1825 brought the completion of the Erie Canal, linking Albany, New York to Lake Erie and allowing goods to be transported more efficiently inland. The southern extension of the canal, which was referred to as the Beaver and Erie Canal, brought heightened involvement to Conneaut Lake, which until 1892 was known as Evansburg. In order to increase the water flow for the canal, Conneaut Lake was raised approximately 11 feet, submerging some of the land around the lake, and transforming peninsulas into islands along the west shore between Evansburg and the current location of Conneaut Lake Park.

One of these islands came to be known as Wolf Island, on which there was an estate owned by renowned European engineer Thomas W. Kennard who was sent by James McHenry to oversee the construction of the Atlantic and Great Western Railroad in 1865. It would have been rare to actually find Kennard staying there, however, despite that he was entirely captivated by the natural beauty of Conneaut Lake. Having made some informal plans to build a hotel and a racetrack on the island, he recognized the potential of the area early on. He developed a somewhat romanticized attachment to the area and made the estate at Wolf Island his vacation home. Opposed to leaving the building vacant when he was away, a mysterious man who went by the name Phil Miller served as Kennard’s housekeeper, although it is said that Miller spent more time at Conneaut Lake than Kennard.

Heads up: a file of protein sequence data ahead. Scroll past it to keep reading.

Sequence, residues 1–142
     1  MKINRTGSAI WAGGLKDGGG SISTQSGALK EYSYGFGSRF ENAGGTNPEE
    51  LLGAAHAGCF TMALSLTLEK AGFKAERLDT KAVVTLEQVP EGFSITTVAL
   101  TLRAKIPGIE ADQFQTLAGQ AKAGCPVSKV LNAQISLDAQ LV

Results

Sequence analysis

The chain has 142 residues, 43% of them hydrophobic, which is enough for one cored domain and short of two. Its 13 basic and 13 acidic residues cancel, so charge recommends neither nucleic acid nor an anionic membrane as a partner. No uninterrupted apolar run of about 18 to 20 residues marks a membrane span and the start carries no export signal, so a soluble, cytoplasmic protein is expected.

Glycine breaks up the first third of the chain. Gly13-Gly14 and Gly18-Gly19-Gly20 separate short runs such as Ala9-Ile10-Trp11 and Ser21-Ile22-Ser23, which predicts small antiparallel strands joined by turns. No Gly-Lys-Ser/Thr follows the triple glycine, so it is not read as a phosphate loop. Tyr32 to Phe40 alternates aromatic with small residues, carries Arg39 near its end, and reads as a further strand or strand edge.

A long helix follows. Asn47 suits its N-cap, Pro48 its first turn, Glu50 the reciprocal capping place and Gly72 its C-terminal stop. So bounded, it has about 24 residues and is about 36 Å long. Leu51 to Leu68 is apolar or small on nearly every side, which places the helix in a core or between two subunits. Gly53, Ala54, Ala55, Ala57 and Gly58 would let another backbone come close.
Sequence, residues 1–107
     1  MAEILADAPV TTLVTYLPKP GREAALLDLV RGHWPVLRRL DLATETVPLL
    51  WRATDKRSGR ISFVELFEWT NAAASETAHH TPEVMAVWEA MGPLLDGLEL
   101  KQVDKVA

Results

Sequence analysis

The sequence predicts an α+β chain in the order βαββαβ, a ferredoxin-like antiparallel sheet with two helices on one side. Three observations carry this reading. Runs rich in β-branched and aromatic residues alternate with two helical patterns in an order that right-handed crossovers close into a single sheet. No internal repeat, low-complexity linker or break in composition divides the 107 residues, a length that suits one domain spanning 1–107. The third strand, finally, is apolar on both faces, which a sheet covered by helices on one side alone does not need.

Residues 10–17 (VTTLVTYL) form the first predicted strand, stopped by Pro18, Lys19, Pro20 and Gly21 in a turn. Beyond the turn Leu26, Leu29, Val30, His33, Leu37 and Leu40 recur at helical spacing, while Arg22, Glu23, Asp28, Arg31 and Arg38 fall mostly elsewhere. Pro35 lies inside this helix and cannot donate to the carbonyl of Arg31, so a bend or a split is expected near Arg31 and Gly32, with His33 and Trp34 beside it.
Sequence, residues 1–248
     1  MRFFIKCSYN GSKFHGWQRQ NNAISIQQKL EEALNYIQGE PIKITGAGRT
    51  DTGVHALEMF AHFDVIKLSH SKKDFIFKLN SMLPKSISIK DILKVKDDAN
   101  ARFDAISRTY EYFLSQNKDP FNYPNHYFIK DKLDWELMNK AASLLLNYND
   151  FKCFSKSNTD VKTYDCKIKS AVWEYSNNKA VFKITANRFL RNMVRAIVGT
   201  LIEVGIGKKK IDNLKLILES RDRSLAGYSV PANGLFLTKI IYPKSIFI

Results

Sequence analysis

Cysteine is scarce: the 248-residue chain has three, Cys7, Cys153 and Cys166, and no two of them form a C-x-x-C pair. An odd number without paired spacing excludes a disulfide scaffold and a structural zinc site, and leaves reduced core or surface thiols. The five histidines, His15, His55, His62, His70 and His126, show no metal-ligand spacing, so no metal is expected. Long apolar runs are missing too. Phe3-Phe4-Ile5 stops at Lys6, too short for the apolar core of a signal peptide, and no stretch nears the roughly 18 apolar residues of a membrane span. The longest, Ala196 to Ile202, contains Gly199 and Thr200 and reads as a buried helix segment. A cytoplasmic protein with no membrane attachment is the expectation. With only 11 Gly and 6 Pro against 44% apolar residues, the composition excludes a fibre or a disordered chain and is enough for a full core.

Despite being a regular Sunday attendant at Methodist church in Evansburg, Miller’s character and background were often questioned by members of the community. According to a memoir written by Bronson B. Luty titled The Lake as it Was, exaggerated rumors spread throughout the town that Miller was an ex-convict who had been locked up for murdering a man. One story says that Miller’s wife had brought a young girl, about ten years old, from Canada to stay with them at the residence until she mysteriously disappeared one day. Her body was later found in the reeds at the head of the lake. Whether or not these legends are true remains uncertain. What has been confirmed about Mr. Miller, however, is that he was an educated man with some very well-known friends. Perhaps the most famous of visitors to come to the estate was none other than renowned author Mark Twain, although his true identity had been kept secret from the community members by Miller at the time of his two week visit in 1879. Instead, he was introduced as Mr. Turner.

With the completion of the railroad and the expiration of the usefulness of the canal system, however, Kennard was called back to England, and the lake was lowered back to its original level, robbing the island of much of its natural beauty. Today, Wolf Island is no longer an island, but the end of a peninsula. Driving north down the road along the west shore of the lake, you can easily spot the elevated ground that once served as the home to the infamous estate occupied by Phil Miller.